The Indian Council of Philosophical Research, New Delhi, has been quietly serving the cause of Tamil research in an exemplary manner for the last couple of decades. Among its publications with an encyclopaedic range are Life-World of the Tamils (Volumes I and II). The essays contributed to the two volumes by S. Panneerselvam, a student of philosophy and an erudite scholar in Tamil, have been brought out as a monograph to highlight the value of “perennial culture,” which is true for all times although it may have originated as the “culture” of a particular group of people.
Panneerselvam has given the pride of place to Tirukkural, which he finds to be “the cultural paradigm of the life-world of the Tamils.” When he sees ‘Dravidian' as ‘Tiruvidam' (a land of shrines), all is said at once about the Tamil culture. The Tamil language has antiquity and richness that are brought out by Tiruvalluvar with the hardness of a diamond. He does not deal with the fourth ‘Purushartha' (aim of life), as he seems to have felt that the right practice/pursuit of the other three — namely ‘dharma' (righteousness), ‘artha' (material welfare), and ‘kama' (love) — would automatically lead to the fourth, ‘moksha' (liberation).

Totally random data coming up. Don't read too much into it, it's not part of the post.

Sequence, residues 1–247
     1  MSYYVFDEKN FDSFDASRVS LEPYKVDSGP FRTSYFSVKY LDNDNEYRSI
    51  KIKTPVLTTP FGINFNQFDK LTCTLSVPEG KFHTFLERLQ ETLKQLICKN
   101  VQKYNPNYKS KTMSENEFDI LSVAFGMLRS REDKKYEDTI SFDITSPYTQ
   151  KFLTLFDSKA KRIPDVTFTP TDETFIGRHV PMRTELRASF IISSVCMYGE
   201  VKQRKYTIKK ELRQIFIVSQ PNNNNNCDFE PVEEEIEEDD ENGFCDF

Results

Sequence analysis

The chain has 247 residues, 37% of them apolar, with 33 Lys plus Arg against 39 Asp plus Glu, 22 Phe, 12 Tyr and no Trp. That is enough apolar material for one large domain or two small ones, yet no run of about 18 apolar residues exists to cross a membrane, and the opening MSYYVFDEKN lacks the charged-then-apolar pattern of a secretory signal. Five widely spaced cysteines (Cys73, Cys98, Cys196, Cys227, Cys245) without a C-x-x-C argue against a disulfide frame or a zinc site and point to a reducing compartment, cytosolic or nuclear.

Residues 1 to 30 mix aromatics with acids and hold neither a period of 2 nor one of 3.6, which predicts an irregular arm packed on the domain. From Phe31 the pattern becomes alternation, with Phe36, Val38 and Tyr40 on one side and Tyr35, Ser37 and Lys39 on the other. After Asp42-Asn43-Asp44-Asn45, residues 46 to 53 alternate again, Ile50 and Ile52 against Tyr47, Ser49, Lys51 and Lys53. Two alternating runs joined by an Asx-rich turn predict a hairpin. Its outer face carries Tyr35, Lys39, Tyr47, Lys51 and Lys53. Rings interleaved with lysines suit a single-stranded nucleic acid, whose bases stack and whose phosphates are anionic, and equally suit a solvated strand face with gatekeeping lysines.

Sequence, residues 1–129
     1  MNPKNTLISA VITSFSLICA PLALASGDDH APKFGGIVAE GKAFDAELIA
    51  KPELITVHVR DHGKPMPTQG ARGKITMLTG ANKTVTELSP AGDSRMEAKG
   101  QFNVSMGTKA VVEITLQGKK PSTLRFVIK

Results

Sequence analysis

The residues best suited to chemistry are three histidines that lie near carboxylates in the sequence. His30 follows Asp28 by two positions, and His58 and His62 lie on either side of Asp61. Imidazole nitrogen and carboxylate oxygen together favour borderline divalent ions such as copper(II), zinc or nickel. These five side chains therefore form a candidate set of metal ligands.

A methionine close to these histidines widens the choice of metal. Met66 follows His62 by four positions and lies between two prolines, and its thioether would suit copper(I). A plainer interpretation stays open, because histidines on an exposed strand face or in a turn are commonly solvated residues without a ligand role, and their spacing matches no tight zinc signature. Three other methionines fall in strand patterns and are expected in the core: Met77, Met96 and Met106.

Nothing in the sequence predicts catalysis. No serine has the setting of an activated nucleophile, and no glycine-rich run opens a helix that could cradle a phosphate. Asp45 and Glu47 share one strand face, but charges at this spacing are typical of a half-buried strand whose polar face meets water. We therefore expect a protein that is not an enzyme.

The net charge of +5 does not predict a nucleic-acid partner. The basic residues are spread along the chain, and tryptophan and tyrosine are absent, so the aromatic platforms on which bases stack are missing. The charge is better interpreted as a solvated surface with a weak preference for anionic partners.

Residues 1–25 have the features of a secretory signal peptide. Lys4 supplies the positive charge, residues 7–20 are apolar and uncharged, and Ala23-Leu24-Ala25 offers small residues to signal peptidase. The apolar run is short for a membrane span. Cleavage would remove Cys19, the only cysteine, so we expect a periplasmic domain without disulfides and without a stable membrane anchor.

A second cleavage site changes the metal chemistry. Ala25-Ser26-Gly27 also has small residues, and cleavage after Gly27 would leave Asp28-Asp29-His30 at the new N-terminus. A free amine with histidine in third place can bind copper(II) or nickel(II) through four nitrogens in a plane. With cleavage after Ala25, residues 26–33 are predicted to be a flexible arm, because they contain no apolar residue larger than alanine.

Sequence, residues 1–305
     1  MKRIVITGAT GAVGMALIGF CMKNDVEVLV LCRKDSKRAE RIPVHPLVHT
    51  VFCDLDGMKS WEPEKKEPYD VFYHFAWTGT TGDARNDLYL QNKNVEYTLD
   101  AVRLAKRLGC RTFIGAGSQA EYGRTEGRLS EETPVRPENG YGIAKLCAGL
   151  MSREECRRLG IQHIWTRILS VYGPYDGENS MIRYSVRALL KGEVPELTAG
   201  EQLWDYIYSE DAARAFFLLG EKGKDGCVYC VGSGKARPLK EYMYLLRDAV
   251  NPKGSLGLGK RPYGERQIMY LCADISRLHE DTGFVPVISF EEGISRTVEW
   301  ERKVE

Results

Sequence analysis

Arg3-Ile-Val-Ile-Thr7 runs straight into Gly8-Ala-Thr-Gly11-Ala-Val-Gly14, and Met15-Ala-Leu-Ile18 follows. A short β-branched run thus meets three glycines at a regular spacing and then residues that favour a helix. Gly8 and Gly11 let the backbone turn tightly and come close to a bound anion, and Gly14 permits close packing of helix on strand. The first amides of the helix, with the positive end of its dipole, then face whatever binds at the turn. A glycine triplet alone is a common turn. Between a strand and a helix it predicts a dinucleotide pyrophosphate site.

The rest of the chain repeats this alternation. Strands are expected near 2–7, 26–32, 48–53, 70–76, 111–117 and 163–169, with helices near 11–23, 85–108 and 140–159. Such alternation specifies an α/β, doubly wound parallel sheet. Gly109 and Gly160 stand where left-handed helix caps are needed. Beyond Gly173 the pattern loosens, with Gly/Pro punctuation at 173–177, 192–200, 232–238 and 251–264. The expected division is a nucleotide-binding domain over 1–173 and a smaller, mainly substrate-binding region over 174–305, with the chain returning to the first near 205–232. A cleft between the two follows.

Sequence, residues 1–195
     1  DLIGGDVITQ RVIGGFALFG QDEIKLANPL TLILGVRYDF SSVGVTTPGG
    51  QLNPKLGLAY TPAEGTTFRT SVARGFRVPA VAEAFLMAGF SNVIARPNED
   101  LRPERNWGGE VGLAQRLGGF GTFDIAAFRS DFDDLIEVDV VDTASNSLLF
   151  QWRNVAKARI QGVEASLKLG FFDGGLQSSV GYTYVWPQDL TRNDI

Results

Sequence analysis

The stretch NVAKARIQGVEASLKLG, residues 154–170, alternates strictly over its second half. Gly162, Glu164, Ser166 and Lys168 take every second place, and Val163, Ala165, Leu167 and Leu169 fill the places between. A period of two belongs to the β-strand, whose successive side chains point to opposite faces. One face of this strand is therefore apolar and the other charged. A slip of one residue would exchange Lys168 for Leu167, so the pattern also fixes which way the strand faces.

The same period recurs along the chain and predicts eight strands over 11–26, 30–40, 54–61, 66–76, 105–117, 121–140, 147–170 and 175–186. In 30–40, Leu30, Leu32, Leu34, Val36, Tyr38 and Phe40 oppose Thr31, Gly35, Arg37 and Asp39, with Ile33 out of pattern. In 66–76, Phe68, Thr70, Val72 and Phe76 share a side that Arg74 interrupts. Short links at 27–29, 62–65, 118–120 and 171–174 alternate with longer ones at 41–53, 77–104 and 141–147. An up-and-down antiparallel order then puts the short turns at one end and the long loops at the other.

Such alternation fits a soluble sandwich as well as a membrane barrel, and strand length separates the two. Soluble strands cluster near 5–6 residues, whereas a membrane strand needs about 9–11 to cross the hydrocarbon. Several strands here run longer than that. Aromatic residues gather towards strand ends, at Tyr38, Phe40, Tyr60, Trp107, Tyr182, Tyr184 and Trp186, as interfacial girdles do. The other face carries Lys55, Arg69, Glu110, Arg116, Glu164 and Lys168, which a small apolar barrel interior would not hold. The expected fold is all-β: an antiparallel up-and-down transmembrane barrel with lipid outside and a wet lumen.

Did the Tamils follow the advice set up in the work? Certainly Tiruvalluvar's couplets helped keep the moral climate at a satisfactory level. At least they have helped people beware, even today, of injustices perpetrated by those in power. One example would do: “They [the ministers] are judged by their actions, and their programmes of action should not be disapproved by the great men and should not bring tears from the suppressed. Is this not applicable to the democratic government of the present century?”
Full review here Hindu